Updated Jul 16, 2018 - Energy & Environment
Expert Voices

Storage system in Amsterdam stadium shows potential for used batteries

Johan Cruijff stadium during the Dutch Eredivisie match between Ajax and AZ Alkmaar on April 29, 2018, in Amsterdam Netherlands.

The Johan Cruijff Arena in Amsterdam. Photo: Ed van de Pol/Soccrates via Getty Images

The Johan Cruijff Arena in Amsterdam, home to the soccer team AFC Ajax, now hosts Europe's largest energy storage system. Comprising 250 used Nissan Leaf battery packs and 340 first-life battery modules, the system can provide up to one hour of full power to the stadium during an event.

How it works: Second-life batteries are batteries removed after a first life in electric vehicles. While no longer able to supply the power needed for transportation, these batteries still have adequate capacity for other energy storage solutions. Recycling these batteries remains economically unfavorable because of falling prices and low metal recovery, but they continue to find their way into new applications such as home-power and mobile-charging units.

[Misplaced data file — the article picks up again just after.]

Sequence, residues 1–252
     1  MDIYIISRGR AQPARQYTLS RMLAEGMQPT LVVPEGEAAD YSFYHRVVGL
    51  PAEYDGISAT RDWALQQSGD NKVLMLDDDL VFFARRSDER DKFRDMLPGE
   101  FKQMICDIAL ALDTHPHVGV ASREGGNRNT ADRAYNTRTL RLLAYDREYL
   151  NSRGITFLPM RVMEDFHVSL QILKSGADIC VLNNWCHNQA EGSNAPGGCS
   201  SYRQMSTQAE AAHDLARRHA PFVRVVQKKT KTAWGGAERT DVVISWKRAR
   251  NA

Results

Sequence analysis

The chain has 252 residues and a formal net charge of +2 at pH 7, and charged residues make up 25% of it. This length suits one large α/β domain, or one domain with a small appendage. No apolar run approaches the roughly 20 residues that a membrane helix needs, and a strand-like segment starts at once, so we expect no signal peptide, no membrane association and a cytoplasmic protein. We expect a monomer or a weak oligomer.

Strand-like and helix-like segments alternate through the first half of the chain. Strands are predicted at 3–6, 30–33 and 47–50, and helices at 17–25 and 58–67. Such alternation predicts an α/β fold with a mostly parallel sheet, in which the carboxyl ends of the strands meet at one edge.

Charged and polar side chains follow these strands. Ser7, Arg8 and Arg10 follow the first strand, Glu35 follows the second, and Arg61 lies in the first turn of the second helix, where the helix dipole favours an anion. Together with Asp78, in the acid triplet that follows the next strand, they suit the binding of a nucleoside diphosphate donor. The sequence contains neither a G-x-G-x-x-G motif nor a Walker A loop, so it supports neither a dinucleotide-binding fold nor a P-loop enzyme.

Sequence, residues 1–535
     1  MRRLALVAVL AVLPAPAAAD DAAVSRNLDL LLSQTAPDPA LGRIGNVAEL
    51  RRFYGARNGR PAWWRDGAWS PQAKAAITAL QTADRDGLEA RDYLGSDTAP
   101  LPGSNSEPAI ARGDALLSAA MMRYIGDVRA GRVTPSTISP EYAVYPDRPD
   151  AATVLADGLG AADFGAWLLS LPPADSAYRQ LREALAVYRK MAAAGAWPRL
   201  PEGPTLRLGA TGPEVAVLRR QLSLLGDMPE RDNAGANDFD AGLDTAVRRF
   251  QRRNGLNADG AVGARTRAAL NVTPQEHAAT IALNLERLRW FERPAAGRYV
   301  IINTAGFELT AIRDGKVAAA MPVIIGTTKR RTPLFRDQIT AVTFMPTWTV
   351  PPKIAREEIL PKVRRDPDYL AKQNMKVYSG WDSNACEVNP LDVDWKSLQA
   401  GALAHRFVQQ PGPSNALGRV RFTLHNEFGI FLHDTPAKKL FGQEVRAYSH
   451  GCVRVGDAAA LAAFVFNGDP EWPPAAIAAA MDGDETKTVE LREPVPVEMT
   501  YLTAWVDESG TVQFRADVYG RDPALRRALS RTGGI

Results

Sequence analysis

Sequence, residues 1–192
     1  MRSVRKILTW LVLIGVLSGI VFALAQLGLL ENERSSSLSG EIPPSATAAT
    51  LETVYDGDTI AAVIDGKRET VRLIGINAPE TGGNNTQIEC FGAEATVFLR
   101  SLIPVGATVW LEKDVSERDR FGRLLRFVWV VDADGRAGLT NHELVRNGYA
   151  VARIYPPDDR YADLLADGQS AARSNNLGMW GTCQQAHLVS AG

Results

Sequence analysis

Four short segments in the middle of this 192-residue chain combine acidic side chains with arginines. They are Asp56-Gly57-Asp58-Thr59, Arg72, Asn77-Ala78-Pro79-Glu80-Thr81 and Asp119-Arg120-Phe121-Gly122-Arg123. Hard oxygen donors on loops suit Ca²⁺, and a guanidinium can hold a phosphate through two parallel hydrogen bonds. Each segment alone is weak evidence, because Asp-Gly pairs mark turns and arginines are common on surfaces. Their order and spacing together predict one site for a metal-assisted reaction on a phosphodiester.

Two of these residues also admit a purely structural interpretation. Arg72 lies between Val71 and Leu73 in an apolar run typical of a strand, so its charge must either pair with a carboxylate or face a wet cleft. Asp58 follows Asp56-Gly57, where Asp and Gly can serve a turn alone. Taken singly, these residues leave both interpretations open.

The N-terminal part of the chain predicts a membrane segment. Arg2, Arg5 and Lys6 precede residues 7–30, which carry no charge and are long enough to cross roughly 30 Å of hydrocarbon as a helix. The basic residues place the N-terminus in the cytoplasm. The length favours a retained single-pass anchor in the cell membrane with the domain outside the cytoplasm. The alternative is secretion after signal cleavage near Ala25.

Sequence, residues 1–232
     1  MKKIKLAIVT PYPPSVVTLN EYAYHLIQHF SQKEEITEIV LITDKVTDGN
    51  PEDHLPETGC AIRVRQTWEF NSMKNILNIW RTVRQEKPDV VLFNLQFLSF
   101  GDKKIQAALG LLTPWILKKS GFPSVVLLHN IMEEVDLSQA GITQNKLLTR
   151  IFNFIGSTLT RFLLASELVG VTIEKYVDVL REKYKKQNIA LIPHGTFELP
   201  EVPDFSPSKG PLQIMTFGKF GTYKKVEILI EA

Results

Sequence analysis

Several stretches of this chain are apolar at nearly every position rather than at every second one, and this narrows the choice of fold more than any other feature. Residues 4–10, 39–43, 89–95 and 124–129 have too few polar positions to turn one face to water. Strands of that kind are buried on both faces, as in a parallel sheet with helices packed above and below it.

The 3 megawatt system, together with 4,200 solar panels, accumulates energy that can be stored and used on demand. This provides uninterruptible backup power during highly attended events such as Ajax home games and European cup matches. The project was initiated by Ajax and environmentally conscious businesses, including Nissan, Eaton Corp and the Amsterdam Climate and Energy Fund. During non-event times, the system can be used to reconcile the differences between supply and demand of electricity in the Dutch energy system, contributing to a stable energy grid.

The bottom line: Until the cost of recycling electric vehicle battery packs makes economic sense, there will be a solid business case for repurposing them.

Maggie Teliska is a technical specialist at Caldwell Intellectual Property, an intellectual property law firm. She is also a member of GLG, a platform connecting businesses with industry experts.

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